Well, it’s not everyday that a piece of sell-side research is on the top of the Drudge Report, so obviously we were pretty curious when we saw the screamer:
DELAYING TAX VOTE COULD CRASH STOCK MARKET’ STARTING 12/15
That headline comes from Paul Bedard at US News who cites this report warning that their could be some negative impact on stocks if the Bush Tax Cuts (.pdf) aren’t fully extended, or if the debate goes on too long.
What’s the idea? It’s not that unreasonable really. It basically boils down to: There will be aggressive capital gains selling ahead of a tax hike, and the failure to extend the cuts will renew the double dip debate.
If we don't get a 'patch' for the Alternative Minimum Tax -- a tax flaw that would ensnare more and more taxpayers if it doesn't get properly indexed -- then that will prompt massive tax hit to 25 million taxpayers. Not good.
The last time it was telegraphed that the capital gains rate would be hiked, in 86, selling picked up noticeably ahead of that. Their clients say they'd have to know by December 15 that the lower cap gains rate will be held, or they will begin to sell.
The connection between consumption and the stock market is robust, and any tax hike on workers would result in lower consumption. Fairly straightforward point there.
What's interesting is that they're not really that bearish. For example, they're pretty optimistic about state budgets.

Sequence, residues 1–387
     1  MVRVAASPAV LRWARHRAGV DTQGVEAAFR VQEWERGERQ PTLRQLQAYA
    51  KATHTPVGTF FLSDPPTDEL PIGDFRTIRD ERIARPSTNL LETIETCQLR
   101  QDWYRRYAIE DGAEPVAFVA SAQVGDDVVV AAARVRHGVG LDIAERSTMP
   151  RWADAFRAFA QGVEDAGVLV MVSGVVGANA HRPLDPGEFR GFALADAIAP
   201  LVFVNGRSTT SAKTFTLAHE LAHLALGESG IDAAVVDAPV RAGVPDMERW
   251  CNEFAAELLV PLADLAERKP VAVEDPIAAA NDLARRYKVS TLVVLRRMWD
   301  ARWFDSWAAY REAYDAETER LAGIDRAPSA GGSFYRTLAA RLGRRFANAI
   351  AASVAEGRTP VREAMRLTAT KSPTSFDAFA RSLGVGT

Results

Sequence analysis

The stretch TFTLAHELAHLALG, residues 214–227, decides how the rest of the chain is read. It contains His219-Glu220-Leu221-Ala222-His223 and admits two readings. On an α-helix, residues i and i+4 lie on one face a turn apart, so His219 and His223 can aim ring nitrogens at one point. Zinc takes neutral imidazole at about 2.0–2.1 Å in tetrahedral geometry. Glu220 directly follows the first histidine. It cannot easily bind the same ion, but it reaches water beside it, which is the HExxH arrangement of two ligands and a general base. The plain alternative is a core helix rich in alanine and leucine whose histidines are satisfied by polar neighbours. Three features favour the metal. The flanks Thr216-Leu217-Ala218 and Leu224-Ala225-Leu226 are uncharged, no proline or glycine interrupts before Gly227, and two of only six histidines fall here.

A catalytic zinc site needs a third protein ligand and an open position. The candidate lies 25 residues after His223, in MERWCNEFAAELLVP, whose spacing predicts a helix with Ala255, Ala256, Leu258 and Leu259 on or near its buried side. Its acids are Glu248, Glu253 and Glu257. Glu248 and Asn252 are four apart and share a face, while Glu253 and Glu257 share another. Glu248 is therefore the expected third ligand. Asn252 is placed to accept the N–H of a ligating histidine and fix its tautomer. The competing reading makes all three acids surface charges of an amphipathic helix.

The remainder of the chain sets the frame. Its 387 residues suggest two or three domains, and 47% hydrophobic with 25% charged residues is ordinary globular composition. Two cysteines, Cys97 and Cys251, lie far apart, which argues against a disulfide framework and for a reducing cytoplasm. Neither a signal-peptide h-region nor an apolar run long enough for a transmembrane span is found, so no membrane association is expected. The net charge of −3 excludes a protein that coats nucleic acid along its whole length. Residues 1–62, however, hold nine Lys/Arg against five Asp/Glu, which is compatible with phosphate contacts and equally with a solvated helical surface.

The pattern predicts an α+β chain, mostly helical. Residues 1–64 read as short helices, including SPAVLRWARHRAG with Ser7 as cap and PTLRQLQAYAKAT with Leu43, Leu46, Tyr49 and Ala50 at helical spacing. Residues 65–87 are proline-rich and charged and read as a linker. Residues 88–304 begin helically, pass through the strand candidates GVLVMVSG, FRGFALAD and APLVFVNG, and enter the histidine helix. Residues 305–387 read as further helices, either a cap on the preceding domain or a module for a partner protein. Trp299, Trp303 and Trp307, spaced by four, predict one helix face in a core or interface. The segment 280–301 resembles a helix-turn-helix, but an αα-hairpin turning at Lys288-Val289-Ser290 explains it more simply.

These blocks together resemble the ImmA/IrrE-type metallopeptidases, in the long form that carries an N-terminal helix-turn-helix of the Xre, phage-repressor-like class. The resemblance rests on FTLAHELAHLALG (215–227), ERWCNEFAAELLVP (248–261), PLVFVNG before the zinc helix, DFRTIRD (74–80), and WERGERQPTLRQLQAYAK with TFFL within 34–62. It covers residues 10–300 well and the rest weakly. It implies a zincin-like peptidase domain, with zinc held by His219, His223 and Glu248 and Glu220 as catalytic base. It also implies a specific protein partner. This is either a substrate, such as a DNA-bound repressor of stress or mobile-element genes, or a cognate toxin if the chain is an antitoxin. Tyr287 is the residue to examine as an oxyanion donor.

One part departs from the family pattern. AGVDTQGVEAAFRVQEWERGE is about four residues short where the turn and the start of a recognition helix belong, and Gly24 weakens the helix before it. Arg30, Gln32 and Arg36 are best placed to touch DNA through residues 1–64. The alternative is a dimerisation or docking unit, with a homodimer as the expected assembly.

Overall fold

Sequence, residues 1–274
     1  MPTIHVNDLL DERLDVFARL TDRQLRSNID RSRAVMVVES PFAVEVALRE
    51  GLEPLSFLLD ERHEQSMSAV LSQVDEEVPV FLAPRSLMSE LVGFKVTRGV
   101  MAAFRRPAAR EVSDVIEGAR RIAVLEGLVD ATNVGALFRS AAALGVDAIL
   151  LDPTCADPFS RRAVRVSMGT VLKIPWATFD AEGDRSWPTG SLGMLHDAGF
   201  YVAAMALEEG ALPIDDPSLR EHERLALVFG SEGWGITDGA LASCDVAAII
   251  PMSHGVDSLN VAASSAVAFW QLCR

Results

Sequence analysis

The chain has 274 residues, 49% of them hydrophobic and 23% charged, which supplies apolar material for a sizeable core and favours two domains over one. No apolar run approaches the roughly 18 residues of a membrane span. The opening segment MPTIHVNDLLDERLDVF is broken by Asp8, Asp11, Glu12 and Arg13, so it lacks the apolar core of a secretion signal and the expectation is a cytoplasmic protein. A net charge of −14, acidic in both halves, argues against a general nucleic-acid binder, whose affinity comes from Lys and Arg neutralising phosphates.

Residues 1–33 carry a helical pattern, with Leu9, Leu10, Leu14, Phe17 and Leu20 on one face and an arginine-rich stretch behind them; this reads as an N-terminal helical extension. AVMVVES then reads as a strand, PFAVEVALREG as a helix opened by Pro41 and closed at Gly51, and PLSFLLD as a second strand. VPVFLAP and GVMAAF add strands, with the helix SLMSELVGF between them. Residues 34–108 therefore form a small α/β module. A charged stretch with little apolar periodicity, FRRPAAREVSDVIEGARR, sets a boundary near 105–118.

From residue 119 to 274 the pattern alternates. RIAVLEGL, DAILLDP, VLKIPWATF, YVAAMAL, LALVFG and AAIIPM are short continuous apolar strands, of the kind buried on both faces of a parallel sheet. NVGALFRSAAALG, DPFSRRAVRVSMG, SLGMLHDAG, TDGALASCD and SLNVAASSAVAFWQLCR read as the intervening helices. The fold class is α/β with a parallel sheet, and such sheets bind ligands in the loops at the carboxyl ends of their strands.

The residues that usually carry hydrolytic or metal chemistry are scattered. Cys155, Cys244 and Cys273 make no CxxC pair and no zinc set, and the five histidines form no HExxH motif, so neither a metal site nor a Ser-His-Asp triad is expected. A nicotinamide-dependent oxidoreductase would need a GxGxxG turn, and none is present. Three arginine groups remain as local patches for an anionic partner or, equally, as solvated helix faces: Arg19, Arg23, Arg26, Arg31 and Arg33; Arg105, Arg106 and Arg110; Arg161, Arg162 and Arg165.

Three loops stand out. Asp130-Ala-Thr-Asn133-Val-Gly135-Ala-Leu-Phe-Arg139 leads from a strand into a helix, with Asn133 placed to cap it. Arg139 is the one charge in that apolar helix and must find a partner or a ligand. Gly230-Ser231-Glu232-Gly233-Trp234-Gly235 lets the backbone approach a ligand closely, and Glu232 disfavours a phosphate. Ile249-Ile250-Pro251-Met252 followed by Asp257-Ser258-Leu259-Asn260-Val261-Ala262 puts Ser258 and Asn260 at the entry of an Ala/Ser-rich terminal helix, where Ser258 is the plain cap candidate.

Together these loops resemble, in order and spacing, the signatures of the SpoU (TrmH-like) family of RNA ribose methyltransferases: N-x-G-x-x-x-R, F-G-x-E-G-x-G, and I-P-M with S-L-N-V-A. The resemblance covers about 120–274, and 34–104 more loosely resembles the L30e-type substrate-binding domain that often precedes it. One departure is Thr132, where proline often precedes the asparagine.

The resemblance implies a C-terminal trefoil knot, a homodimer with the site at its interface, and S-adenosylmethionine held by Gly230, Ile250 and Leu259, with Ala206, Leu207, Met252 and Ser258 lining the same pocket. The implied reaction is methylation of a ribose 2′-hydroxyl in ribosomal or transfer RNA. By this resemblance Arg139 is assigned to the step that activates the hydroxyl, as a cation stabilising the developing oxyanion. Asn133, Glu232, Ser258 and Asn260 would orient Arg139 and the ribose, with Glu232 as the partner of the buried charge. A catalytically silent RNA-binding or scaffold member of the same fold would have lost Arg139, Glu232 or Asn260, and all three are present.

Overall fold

'Last week we showed the state and local budget situation has improved significantly in
2010 with state and local governments holding an aggregate $50bn surplus in their
operating budgets (3Q, SAAR). The most common kickback we get from clients is that
once the federal aid fades in 2011, the situation will deteriorate again. Some clients have
gone one step further and suggested the forward looking CDS market sees this aid loss
as a major impediment and is pricing in trouble (even before the unfunded liabilities
problems hit). But the facts don't bear this out. We are often told that state and local
governments will lose $135bn of aid starting in 2011. This explains the confusion --
$135bn was allocated for more than two years of aid but has been running at a $60bn
annualized rate ($40bn at the state level, $20bn at the local level). But even this is
overstated as new aid was extended through the first half of 2011. In sum, states will lose
$20bn in the second half of CY 2011 (i.e. one year from now). After cutting spending
by $75bn over the past two years, and with tax revenues now growing, states are
earning their way through the loss of federal aid. For frame of reference, the federal
government provided state governments $30bn of discretionary aid in 2003 and there
was no indication that the loss of federal aid hurt the states. A growing economy helped
states earn through the loss of aid, just as is the case now. '
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